Endnote:  The accident has been confused by an event which Sennett said, in his autobiography, occurred about the end of June. Sennett claims that he and Mabel had intended to marry on June 4th, a date that Mack always used in relation to poorly remembered events. He claims that Mabel found him cavorting with the actress Mae Busche, and Mabel called the wedding off. Sometime later someone claimed there had been a fracas and Mabel hit her head on the window-sill. 50 years later, an aging Minta Arbuckle said that Mae had hit Mabel over the head with a vase. Notably, there was no mention anywhere in the press about the impending wedding, or head wound, in late June or early July 1915. The evidence suggests that the Mae Busch incident never happened, and that Mabel suffered a minor injury in October.

Next Post: Mabel goes home.




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Young lovers Mack and Mabel: Barney Oldfield’s Race For A Life 1912


The Background

First, let’s get one thing clear – without Mack Sennett there would have been no Mabel Normand. Similarly, without Mabel Normand there would have been no Mack Sennett, and no Keystone. Here’s the story: Mack and Mabel had been at the Biograph Studio together, but neither was much regarded by the director general D.W. ‘Klansman’ Griffith. Mack was a bumbling buffoon, but one that had a curious anti-social air about him . He was, his peers pronounced, the one most unlikely to succeed [Endnote 1]. Mabel, by contrast, coveted social acceptance at the expense, eventually, of her career. According to Mack, Mary Pickford, and Charlie Chaplin, Mabel was the greatest actress of all time. However, the Great Griffith appeared to think differently.

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Biograph Mabel. Left: The Eternal Mother Right: Her Awakening

He had declined taking Mabel to California on Biograph’s first winter trip to the land of orange groves, for reasons only to be guessed at. Mabel, as a consequence, got work at Vitagraph studios, where she appeared in comedies with Flora Finch and John Bunny. Unfortunately, Mabel was fired from Vitagraph, it is said, for ‘mooning’ at train passengers from her dressing room window. She was taken back on by Griffith, and went on the next California trip, where she excelled in tragedies (‘She played a heavy woman’, said Mary Pickford). Mabel put in some good performances out there, but Griffith remained unimpressed. There are probably two reasons for this. One, the other young actresses greatly admired Mabel, and some (like Dorothy Gish and Gertrude Bambrick) actually wanted to be Mabel. This made them rebellious just like their heroine, Miss Normand. Secondly, Mabel had acted Griffith’s greatest star, ‘Biograph Girl’ Mary Pickford, clear off the set in The Mender of Nets. Griffith would never cast them in the same picture again.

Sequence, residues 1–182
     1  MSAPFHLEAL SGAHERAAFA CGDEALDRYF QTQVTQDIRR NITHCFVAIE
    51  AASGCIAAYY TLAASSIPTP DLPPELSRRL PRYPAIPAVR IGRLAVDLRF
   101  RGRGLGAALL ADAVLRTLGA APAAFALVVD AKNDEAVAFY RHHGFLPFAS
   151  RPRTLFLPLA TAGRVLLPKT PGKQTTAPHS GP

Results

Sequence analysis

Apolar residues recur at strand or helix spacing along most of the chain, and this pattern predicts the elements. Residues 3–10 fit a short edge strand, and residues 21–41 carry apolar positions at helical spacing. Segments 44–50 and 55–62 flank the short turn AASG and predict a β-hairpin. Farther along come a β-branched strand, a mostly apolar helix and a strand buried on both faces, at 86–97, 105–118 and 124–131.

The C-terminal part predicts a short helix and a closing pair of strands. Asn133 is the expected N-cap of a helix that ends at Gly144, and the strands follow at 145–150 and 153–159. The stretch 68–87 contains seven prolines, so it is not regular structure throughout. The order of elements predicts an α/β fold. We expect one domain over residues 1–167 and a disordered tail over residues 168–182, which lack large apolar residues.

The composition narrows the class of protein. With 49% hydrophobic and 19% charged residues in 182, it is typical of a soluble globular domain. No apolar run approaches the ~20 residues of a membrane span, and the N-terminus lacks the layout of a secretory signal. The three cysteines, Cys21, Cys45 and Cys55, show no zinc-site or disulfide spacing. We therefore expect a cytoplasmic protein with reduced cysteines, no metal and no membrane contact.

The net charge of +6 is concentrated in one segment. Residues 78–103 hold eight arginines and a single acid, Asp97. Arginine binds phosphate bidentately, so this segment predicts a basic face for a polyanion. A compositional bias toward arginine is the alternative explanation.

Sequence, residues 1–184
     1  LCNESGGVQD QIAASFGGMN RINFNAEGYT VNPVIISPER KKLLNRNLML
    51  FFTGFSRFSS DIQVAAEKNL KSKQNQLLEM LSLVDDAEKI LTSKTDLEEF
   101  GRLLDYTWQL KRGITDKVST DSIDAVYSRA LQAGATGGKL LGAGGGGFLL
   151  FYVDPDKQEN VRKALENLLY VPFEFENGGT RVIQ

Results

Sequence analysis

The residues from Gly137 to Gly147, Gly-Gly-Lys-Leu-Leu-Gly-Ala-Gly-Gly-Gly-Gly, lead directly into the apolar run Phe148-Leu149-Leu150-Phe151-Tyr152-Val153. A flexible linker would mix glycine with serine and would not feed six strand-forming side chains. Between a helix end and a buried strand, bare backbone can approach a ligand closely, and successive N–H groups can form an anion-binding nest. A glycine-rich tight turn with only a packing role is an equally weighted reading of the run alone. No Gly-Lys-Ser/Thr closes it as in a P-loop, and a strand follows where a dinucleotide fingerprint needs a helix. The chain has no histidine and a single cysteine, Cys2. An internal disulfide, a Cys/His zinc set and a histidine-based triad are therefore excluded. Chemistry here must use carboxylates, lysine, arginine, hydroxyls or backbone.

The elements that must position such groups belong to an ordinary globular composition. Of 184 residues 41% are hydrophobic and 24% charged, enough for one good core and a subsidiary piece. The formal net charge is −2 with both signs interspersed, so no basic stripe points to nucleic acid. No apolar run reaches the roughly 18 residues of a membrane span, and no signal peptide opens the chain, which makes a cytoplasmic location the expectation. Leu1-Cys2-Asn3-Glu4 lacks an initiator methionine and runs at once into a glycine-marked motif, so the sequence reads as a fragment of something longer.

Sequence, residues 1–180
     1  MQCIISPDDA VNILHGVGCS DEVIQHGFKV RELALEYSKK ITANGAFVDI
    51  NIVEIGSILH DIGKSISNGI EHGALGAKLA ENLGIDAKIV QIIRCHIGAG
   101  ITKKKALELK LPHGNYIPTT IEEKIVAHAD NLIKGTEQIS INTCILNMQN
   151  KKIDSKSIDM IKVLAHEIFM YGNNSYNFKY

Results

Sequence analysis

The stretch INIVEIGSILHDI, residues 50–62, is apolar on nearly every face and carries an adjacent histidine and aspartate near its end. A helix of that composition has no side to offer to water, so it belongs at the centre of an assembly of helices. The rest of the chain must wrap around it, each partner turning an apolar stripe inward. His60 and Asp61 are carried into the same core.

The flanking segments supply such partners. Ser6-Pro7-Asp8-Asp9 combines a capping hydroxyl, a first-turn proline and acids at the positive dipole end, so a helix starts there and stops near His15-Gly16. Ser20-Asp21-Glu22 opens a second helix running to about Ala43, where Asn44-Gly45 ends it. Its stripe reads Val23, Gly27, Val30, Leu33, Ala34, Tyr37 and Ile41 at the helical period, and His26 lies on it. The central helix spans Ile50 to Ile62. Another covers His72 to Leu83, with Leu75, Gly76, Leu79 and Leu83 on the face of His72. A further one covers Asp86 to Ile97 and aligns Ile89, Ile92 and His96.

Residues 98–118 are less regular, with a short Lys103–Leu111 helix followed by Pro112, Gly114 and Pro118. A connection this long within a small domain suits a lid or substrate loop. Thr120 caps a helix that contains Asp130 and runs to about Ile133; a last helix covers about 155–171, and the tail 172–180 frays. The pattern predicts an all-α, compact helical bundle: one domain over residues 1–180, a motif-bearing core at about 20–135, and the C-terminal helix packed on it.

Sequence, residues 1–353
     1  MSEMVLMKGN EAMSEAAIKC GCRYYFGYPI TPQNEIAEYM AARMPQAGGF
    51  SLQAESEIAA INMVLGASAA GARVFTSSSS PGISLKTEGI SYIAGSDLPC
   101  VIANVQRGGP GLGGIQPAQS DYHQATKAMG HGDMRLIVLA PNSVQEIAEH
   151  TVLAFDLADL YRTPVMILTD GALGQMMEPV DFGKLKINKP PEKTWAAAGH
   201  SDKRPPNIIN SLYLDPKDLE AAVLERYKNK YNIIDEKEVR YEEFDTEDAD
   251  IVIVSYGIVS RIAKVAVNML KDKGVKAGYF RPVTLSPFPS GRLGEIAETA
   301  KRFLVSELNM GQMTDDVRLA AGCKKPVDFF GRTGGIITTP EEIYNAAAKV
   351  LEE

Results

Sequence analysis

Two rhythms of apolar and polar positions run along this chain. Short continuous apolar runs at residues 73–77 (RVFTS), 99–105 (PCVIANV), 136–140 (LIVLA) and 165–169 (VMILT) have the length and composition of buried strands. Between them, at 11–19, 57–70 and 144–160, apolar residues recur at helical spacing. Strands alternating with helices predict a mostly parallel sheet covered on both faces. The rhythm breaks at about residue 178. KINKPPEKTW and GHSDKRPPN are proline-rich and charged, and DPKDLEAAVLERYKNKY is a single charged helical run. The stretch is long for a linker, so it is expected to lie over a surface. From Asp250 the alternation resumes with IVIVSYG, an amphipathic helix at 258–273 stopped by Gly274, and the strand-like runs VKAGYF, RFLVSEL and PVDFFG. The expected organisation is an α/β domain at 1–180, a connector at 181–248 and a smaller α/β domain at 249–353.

Biograph L.A. Left: Mabel loved babies, as long as she could hand them back. Right: Mack never tired of complaining about Biograph food. He’s about to get a Keystone in the rear.


Mack and Mabel get together

According to Linda Griffith, Sennett had been studying Mabel closely, and made up his mind that she was perfect for what he had planned. What he had planned was his own studio making comedy films. He had told Mabel ‘When I get my own company, I’m going to make funny pictures and put you in them’. He had said this when he encountered Mabel on the street, after she had ‘run away’ from Biograph following her appearance in just one scene. There can be no doubt that stars lit up in Mabel’s eyes at this news, for this was probably the first and only time any man had had taken an interest in her as a person. Others adored her and loved her, but they had something else on their minds. Furthermore, she realized Griffith was never going to be her patron. When Mack was made director of the new Biograph comedy unit, the great director graciously handed Mabel over Sennett.